Interview data gives us a starting point to examine existing issues and observe recurring patterns which we analyze and organize into distinct clusters of problematic areas.

Affinity diagram example

“Jobs to be done” and proto-personas

Jobs-to-be-done (JTBD) statements are completely solution-agnostic. Understanding the user’s situation when their needs arise, goal(s) to accomplish, and the path they follow to complete it allows us to dig into their needs and desired outcomes.

JTBD statements example

Following up the user interview results and the definition of the JTBD statements, there is enough confidence to categorize users into main groups. Proto-personas allow us to align our assumptions and turn them into more concrete examples, as seen in the example below:

Proto-personas example
Proto-personas example


Surveys as a tool are quite flexible and are utilized according to the needs of the project. In the beginning, surveys allow us to gather an initial round of feedback from potential users and contact information to help us connect with them for later interviews. During later phases of the user research and after the interviews, we use more focused surveys that are designed to validate our assumptions and better support future decisions.

Competitive analysis

Up to this point, we’ve collected valuable information regarding users. Now it’s time to move on and study the competition and understand how to achieve a competitive advantage in the market. First, we create a list of comparison criteria we want to evaluate. We continue by analyzing the strengths and weaknesses of direct and indirect competitors, keeping in mind how the user journeys and task flows are designed.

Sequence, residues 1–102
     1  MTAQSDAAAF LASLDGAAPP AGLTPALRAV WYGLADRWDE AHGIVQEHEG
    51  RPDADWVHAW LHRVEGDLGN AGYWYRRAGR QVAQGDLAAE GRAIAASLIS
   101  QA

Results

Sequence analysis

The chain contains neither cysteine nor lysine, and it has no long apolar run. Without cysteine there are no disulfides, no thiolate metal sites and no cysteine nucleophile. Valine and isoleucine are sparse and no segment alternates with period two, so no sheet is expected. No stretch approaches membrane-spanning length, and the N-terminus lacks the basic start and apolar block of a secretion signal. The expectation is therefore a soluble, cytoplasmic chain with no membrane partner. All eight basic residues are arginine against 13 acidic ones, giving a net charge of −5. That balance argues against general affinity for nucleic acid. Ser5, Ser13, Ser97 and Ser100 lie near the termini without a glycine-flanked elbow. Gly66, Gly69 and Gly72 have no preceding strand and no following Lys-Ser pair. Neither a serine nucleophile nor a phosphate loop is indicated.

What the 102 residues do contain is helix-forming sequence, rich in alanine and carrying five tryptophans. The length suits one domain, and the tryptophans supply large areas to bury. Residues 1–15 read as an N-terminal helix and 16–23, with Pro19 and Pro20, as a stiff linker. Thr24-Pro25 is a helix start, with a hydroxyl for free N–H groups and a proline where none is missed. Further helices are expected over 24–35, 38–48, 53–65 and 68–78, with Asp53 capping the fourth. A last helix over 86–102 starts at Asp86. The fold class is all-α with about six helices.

Comparison table example

User journey mapping

At the end of the research, we sketch a simple user journey that illustrates the basic flow. This is refined and fleshed out as we continue with the discovery and design phase.

Simple user journey example


During UX research we focus mostly on users and the product itself. What’s missing, though, is the connection between UX and business requirements. Our marketing experts validate whether the business model makes sense, if it will be profitable and when. They experiment with different marketing channels in order to find out how to target the audience and calculate what the likely cost of acquisition will be.

Based on the survey’s results, they determine how willing people will be to use and pay for the product, which helps to develop a pricing strategy. Read this article by Salsita Marketing Manager Razi Alakhdar to find out more about this process.


At the end of the initial research phase, we share our findings with our team and clients. Everyone is now more aligned and informed before starting to shape the product and coming up with concrete solutions during the Design Sprint. As a team, we want everyone to be prepared and share the same information. This way we engage in more meaningful discussions that lead to better ideas and products.


This whole journey is exciting and provides rich insights into where business needs and user experience meet to form a perfect match. As such it sets the path to achieving remarkable designs and solutions.

This isn't where the research ends, though. It's an ongoing process that continues through the development lifecycle and long after the product has been released. So settle in and enjoy the journey!

MarketingUX & DesignProduct DiscoveryMVP Development

Katerina Kelepouri - UX Designer

Katerina’s a fierce designer who strongly believes in the power of regular user testing. Her superpowers include client communication, problem solving, and creating smooth animations and prototypes.

Talk To Our Spicy Experts